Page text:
Plovdiv: Movsesian and Sutovsky lead

4/27/2008 – Two players, Sergei Movsesian of Slovakia and Emil Sutovsky of Israel, are in the lead, each having conceded just one draw in the first six rounds of the European Individual Championships 2008. In the women's section three IMs share the top slot. The event is taking place in Plovdiv, a town that is older than Rome, Carthage or Constantinople. Big photo report by Diana Mihajlova.

The IX European Individual Chess Championship is taking place in Plovdiv, Bulgaria, from April 21st to May 3rd 2008, with one free day, on Monday, April 28. The tournament halls are in the Novotel Plovdiv. The championship is an 11 round Swiss, playing time is 90 minutes for 40 moves plus 30 minutes for the rest of the game with an increment of 30 seconds per move, starting from move one. The total prize fund in the men's section is 92,200 EUR (first 15,000, 2nd 10,000, third 8,000, fourth 6,500, fifth 5,500 etc.) and in the women's section 34,500 EUR (first 6,000, second 5,000, third 4,000, fourth 3,000, fifth 2,000, etc.). According to Bulgarian law all prizes are taxable (10%).

Round six report

After six rounds of the European Individual Championship Sergei Movsesian has caught up with Emil Sutovsky, both having conceded just one draw so far. They will be playing each other on Sunday in round seven. Half a point behind the leading pair there are three players, and then 21 with 4.5/5.

Top standings after six rounds (total 337 players)

1 GM Movsesian Sergei 2695 SVK 5.5
2 GM Sutovsky Emil 2630 ISR 5.5
3 GM Mamedov Rauf 2617 AZE 5.0
4 GM Tregubov Pavel V 2629 RUS 5.0
5 GM Pantsulaia Levan 2617 GEO 5.0
6 GM Volkov Sergey 2633 RUS 4.5
7 GM Stevic Hrvoje 2571 CRO 4.5
8 GM Werle Jan 2581 NED 4.5
9 GM Macieja Bartlomiej 2599 POL 4.5
10 GM Berg Emanuel 2601 SWE 4.5
11 GM Iotov Valentin 2531 BUL 4.5
12 GM Efimenko Zahar 2660 UKR 4.5
13 GM Kurnosov Igor 2593 RUS 4.5
14 GM Kovacevic Aleksandar 2616 SRB 4.5
15 GM Tiviakov Sergei 2634 NED 4.5
15 GM Laznicka Viktor 2578 CZE 4.5
17 GM Kokarev Dmitry 2579 RUS 4.5
18 GM Motylev Alexander 2666 RUS 4.5
19 GM Khalifman Alexander 2628 RUS 4.5
20 GM Grachev Boris 2610 RUS 4.5
21 GM Pavasovic Dusko 2595 SLO 4.5
22 GM Papaioannou Ioannis 2566 GRE 4.5
23 GM Popov Ivan 2594 RUS 4.5
24 GM Caruana Fabiano 2620 ITA 4.5
25 GM Vachier-Lagrave Maxime 2632 FRA 4.5
26 GM Lupulescu Constantin 2558 ROU 4.5

In the women's section Lithuanian IM Viktorija Cmilyte leads together with IMs Anna Ushenina, Ukraine, and Ekaterina Kovalevskaya of Russia. Behind them

Top standings after six rounds (total 159 players)

1 IM Cmilyte Viktorija 2466 LTU 5.0
2 IM Ushenina Anna 2474 UKR 5.0
3 IM Kovalevskaya Ekaterina 2421 RUS 5.0
4 IM Mkrtchian Lilit 2413 ARM 4.5
5 GM Stefanova Antoaneta 2538 BUL 4.5
6 IM Peptan Corina-Isabela 2415 ROU 4.5
7 IM Muzychuk Anna 2486 SLO 4.5
8 GM Lahno Kateryna 2479 UKR 4.5
9 IM Danielian Elina 2479 ARM 4.5
10 WGM Zhukova Natalia 2450 UKR 4.5
11 GM Cramling Pia 2539 SWE 4.5
12 WIM Batsiashvili Nino 2304 GEO 4.5
13 IM Paehtz Elisabeth 2449 GER 4.5
14 WGM Pogonina Natalija 2470 RUS 4.5
15 IM Javakhishvili Lela 2466 GEO 4.5
16 WGM Golubenko Valentina 2253 CRO 4.5

Impressions from Plovdiv

By Diana Mihajlova


Veronika Minina (RUS) and WGM Anna Sharevich (BLR)


WGM Valentina Golubenko (CRO)


WIM Lilit Galojan (ARM)


GM Bartosz Socko and IM Monica Socko


Szymon Socko has just finished his meal. As long as he gets his chicken nuggets he doesn’t mind accompanying his parents Polish GMs Monica and Bartosz Socko on chess tournaments around the globe.


GM Petar Velikov with his protégé Alexander Monev

Twelve-year-old Alexander Monev is the youngest participant. And he is the future Bulgarian star. Four times in a row he has won the first place in the Bulgarian Individual Championship for boys and girls under 10 and 12 years. Last year in the World Youth Chess Championship in Antalya he got the fourth place for boys under 12. He hopes to achieve a better result this year in Vietnam. Alexander lives in Sofia and goes to a special mathematics and physics school. His father points out: "Chess and mathematics – that’s all he wants to do, all the time." Alexander trains four hours, twice weekly, with GM Petar Velikov. Although he would like to play chess even more, he likes mathematics as much and would not abandon his school where he obtains only top marks.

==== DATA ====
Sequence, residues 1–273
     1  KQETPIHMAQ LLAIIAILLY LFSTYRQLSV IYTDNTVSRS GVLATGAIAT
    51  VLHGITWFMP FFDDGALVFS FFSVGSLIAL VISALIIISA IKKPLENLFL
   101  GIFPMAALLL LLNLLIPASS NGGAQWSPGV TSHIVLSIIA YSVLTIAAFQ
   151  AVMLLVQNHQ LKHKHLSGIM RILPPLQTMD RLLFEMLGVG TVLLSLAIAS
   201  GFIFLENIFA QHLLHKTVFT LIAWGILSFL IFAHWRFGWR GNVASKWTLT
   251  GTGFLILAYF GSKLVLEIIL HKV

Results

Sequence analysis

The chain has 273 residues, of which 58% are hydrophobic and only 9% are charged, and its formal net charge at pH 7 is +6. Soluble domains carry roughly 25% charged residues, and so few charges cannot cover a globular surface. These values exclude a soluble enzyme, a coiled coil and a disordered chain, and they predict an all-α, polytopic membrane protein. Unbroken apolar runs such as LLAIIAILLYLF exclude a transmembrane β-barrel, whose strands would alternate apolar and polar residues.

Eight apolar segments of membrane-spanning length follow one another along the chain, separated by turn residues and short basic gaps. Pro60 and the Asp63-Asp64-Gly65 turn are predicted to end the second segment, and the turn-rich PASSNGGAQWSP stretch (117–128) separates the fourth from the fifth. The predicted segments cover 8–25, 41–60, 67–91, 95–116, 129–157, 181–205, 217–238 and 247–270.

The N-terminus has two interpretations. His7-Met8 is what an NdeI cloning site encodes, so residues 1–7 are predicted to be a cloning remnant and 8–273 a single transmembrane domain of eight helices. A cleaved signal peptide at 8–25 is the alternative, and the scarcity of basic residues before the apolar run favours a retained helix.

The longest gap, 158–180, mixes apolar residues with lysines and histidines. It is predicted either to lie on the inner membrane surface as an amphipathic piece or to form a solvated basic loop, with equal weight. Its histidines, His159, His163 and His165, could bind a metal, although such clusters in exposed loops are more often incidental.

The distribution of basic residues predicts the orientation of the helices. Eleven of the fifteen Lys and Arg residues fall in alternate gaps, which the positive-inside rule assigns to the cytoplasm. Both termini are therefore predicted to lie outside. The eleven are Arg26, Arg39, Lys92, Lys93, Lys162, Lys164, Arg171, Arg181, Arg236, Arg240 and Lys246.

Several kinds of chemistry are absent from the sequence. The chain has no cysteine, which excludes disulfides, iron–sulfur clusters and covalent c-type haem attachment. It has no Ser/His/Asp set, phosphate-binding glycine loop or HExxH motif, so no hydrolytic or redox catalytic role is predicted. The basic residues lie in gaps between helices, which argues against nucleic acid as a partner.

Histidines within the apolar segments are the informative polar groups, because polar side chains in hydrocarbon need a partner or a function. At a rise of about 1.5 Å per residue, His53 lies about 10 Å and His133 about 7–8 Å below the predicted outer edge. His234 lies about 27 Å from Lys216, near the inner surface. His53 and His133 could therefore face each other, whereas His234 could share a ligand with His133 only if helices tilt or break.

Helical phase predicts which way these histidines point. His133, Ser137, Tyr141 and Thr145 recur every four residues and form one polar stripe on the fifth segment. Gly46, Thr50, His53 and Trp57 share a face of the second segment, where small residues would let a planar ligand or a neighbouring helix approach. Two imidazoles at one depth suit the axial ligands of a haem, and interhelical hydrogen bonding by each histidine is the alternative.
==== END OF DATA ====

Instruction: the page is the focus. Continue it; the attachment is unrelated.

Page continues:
Leila Dimitrova, Chief of the Press Centre

GM Ventzislav Inkiov (BUL), Chief of the Internet & Online performance team. Ventzislav represented the Bulgarian team six times at the Chess Olympiad. Now he has replaced his enviable chess career with Internet chess programs and his chess web site. At the current tournament he is responsible for the Bulletin and the on-line games. He says:

"There are always problems at this type of big tournaments. But luckily, and unbelievably, no major hiccups so far. Plovdiv has become a chess centre in Bulgaria. The Plovdiv Chess School has produced many GMs including the veterans Bobotsov, Tringov, Padevski and the currently active GM Kiril Georgiev. In cooperation with the hotel Novotel, which provides excellent conditions, it has been hosting GM tournaments for more than thirty years, since about 1975, including two Team Championships, in 1983 and 2003. I hope everything will finish as it has started - on a high professional level."


The bulletin and on-line performance team at work

Srdja Dragashevic, President of the Chess Federation of Montenegro and the Montenegrin chess legend GM Bozidar Ivanovic.


Beer and chess: IM Jovanka Houska (ENG) GM Peter Wells (ENG) and GM Gawain Jones (ENG)


Just beer, no chessboard: GM Attila Czebe, WGM Anita Gara and GM Zoltan Almasi

Plovdiv historical and contemporary

While the tournament is unfolding, let’s take a tour of Plovdiv, the city host to the 9th European Individual Chess Championships. Situated along the banks of the river Maritza, in the Southern/Central part of Bulgaria, Plovdiv is the second largest city in the country. It is nicknamed ‘the city of the seven hills’ because it is constructed on seven picturesque hills, some which are 250 m. high.